In 1824, the Church erected their first house of worship at a cost of $500.00. It was a frame building, 30 X 40 feet, which for several years was occupied in an unfinished state. Benches were used for seats. The first meeting in the new building was held in 1825, and immediately a revival was held which continued for several months, and 20 converts were baptized. At this time the church reported 86 members.

The deed to the church grounds dates back to a land patent by President John Quincy Adams. The valuable old church record books begin in 1806.

After 1830, the Church became prosperous and was making progress, so they adopted the practice of making contributions for Missions, and benevolent objects, and making some compensation for the services of their ministers, which at the time were: Elders Joseph and James Lemen, Jr., with casual aid from Elder Joseph Chance.

In 1838, the church adopted measures to erect a new meeting house. An encouraging amount of money was raised by subscription, and the plan for the new building was laid before the Church and adopted unanimously. The members pledged themselves to make up any deficiency on tis completion, according to their circumstances. A committee was appointed to superintend the business of building, and the contract was given to the builders. The materials used in construction of the building were hauled from St. Louis across the frozen Mississippi river, by groups of men with horses and wagons. The building is constructed (was constructed, it is no longer standing) of hand-hewn timbers held together with wooden pegs and the weather boards are walnut. The building was erected at a cost of about $4,100.00. Probably no difficulty would have followed the effort, had the financial interests of the whole country not experienced a sudden and unexpected decline. A debt of $1500.00 hung over the Church when it was opened for worship on September 5th, 1840. John Mason Peck preached the dedicatory sermon to a vast crowd. A revival continued for ten days during which 18 members were added by baptism, four by letter and one by experience. The remaining debt was not paid until 1846, and many sacrifices were made by members to meet the amount subscribed. It is said that one farmer even sold his only team of horses to meet his subscription. On opening the new church the name was changed from Canteen Creek to Bethel.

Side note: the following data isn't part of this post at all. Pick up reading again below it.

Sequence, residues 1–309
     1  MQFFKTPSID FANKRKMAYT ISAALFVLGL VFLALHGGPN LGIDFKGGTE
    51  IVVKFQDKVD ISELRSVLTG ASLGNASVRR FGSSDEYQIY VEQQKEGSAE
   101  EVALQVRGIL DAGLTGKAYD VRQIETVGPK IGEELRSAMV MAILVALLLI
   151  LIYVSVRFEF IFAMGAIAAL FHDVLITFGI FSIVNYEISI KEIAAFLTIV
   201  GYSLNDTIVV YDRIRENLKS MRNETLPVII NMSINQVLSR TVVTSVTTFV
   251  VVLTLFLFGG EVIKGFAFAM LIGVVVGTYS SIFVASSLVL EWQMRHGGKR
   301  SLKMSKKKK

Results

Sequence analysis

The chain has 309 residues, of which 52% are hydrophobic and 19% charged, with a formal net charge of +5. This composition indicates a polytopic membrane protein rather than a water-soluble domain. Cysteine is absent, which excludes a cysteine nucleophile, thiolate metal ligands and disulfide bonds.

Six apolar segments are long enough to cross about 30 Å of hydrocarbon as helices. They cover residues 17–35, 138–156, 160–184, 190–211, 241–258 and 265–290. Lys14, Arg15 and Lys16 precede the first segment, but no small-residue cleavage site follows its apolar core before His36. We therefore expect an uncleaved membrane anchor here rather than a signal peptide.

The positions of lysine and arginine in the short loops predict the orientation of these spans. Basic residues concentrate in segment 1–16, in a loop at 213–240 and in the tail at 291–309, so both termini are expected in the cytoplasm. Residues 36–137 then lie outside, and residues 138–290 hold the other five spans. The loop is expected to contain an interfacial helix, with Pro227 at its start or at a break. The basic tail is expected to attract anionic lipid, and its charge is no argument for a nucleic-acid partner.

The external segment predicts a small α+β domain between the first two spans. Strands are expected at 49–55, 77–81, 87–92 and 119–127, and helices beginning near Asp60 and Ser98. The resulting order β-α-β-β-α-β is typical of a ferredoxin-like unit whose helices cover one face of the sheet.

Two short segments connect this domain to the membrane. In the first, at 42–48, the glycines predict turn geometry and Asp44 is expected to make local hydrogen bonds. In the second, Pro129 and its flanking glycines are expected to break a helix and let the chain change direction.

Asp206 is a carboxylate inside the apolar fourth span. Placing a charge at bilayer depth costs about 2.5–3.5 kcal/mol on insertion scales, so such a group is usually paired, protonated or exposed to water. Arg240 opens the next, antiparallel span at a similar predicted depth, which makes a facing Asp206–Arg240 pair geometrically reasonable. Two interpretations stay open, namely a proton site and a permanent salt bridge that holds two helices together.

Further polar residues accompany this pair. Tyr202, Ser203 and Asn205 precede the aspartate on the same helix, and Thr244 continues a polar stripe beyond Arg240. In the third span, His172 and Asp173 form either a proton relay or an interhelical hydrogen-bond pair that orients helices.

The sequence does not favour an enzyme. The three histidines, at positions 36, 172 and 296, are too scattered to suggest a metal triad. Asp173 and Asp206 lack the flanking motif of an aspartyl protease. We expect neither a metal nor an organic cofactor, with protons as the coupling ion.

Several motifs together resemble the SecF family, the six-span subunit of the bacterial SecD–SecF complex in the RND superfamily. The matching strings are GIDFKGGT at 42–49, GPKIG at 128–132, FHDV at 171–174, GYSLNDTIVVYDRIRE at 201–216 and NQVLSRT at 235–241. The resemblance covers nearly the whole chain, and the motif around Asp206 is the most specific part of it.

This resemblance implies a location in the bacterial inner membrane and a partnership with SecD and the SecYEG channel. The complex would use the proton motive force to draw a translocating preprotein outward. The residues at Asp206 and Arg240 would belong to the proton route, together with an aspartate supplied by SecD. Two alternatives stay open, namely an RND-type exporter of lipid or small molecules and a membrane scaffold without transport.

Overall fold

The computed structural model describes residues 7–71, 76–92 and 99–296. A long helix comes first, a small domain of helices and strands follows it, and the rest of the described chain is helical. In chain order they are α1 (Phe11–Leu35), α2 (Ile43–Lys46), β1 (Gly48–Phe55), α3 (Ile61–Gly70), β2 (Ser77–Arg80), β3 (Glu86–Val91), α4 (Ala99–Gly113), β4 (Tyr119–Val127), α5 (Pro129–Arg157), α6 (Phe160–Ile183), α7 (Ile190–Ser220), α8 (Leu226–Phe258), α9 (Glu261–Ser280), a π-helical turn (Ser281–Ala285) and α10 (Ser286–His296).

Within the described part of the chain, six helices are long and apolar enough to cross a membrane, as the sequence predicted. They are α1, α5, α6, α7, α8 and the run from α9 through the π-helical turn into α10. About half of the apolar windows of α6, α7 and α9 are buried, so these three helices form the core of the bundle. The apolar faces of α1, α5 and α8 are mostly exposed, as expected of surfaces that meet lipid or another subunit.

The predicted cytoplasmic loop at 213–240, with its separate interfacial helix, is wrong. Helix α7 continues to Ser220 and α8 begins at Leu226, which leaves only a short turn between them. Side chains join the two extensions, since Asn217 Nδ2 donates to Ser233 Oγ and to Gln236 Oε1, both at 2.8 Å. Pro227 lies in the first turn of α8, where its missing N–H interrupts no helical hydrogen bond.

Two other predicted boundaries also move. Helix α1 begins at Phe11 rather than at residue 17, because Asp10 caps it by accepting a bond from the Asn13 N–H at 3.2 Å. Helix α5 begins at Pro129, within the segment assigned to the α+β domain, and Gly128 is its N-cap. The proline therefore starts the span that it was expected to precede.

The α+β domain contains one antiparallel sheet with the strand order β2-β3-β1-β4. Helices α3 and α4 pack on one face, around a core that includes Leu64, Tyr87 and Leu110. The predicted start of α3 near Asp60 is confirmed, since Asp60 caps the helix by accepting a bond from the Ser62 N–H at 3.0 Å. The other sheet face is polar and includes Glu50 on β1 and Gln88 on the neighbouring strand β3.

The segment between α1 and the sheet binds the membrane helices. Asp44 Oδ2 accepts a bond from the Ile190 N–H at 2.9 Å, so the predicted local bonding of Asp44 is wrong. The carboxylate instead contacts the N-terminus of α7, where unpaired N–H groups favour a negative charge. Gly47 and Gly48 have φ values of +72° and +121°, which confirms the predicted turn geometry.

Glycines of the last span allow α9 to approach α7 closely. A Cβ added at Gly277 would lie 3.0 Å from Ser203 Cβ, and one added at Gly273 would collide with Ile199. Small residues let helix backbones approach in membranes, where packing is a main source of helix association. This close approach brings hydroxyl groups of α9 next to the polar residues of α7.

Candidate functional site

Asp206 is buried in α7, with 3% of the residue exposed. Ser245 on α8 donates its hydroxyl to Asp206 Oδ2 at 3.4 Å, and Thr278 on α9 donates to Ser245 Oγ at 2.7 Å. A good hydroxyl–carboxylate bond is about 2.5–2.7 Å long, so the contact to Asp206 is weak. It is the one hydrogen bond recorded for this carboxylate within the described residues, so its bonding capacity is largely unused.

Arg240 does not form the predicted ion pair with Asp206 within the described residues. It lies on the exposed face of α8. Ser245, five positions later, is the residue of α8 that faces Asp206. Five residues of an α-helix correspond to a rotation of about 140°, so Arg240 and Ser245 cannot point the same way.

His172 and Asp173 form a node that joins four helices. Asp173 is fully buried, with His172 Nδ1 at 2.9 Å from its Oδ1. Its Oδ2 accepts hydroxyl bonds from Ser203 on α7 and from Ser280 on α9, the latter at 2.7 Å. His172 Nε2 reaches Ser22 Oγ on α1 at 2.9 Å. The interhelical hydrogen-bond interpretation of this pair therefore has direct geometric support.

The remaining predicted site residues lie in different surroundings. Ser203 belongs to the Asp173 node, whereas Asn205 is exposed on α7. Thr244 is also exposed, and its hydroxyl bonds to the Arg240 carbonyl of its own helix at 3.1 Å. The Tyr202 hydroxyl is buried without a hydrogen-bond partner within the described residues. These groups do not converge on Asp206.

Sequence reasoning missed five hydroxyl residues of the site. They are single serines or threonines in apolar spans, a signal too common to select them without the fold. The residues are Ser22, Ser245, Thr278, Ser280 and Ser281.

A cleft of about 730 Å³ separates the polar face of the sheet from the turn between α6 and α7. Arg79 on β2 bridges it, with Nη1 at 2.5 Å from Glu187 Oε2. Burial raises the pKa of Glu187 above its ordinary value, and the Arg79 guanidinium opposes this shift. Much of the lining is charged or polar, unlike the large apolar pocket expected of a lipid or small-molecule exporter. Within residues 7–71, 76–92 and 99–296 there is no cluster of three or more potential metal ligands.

In 1851, Reverend Peck became pastor of Bethel and served until 1853, when he was forced to resign because of ill health and infirmities. At this time the membership was 183.

In 1854, the church bought nine adjoining acres of land from James Lawrence. A parsonage was erected and about three acres of land was set aside as a burying ground, with about one acre laid out in lots. A small section on the norht side of the burying ground was set aside as a Potter's Field.

Bethel occupies a prominent place in the history of the State of Illinois. The Church was really founded as part of a secret and confidential mission for Thomas Jefferson, undertaken by Rev. James Lemen, Sr. Reverend Lemen, a friend and confidante of Thomas Jefferson, was dispatched to the New Northwest Territory especially to oppose the introduction of slavery there. Jefferson even provided funds to meet any emergencies, if disaster should befall Rev. Lemen's family in his secret undertaking. In the south ailse of the Bethel Church, there can be seen the hole through which slaves were taken under the building to be hidden and cared for, until they could safely pass along on the "Underground Railway" to the north and freedom. James Lemen, Sr. and his six sons spent 39 years in constantly fighting against slavery, until the victory was finally won in Illinois in the election of 1824. Stephen Douglas, Abraham Lincoln, William Henry Harrison, Thomas Jefferson and Elijah Lovejoy have all testified and expressed the opinion that had it not been for the work and influence of James Lemen, Sr. and his sons, Illinois would have been a slave state.




Church Membership Rolls:

Membership Roll from New Design
Membership Roll from 1828
Membership Roll from 1841
Membership Roll from 1845

Church Minute Extracts

1806 - 1815


Robert Lemen Family Data

Bethel Baptist Church Cemetery

Ogle Cemetery


For other LEMEN family information, be sure to visit
Genealogy Park, a wonderful site with data on the LEMEN and allied families.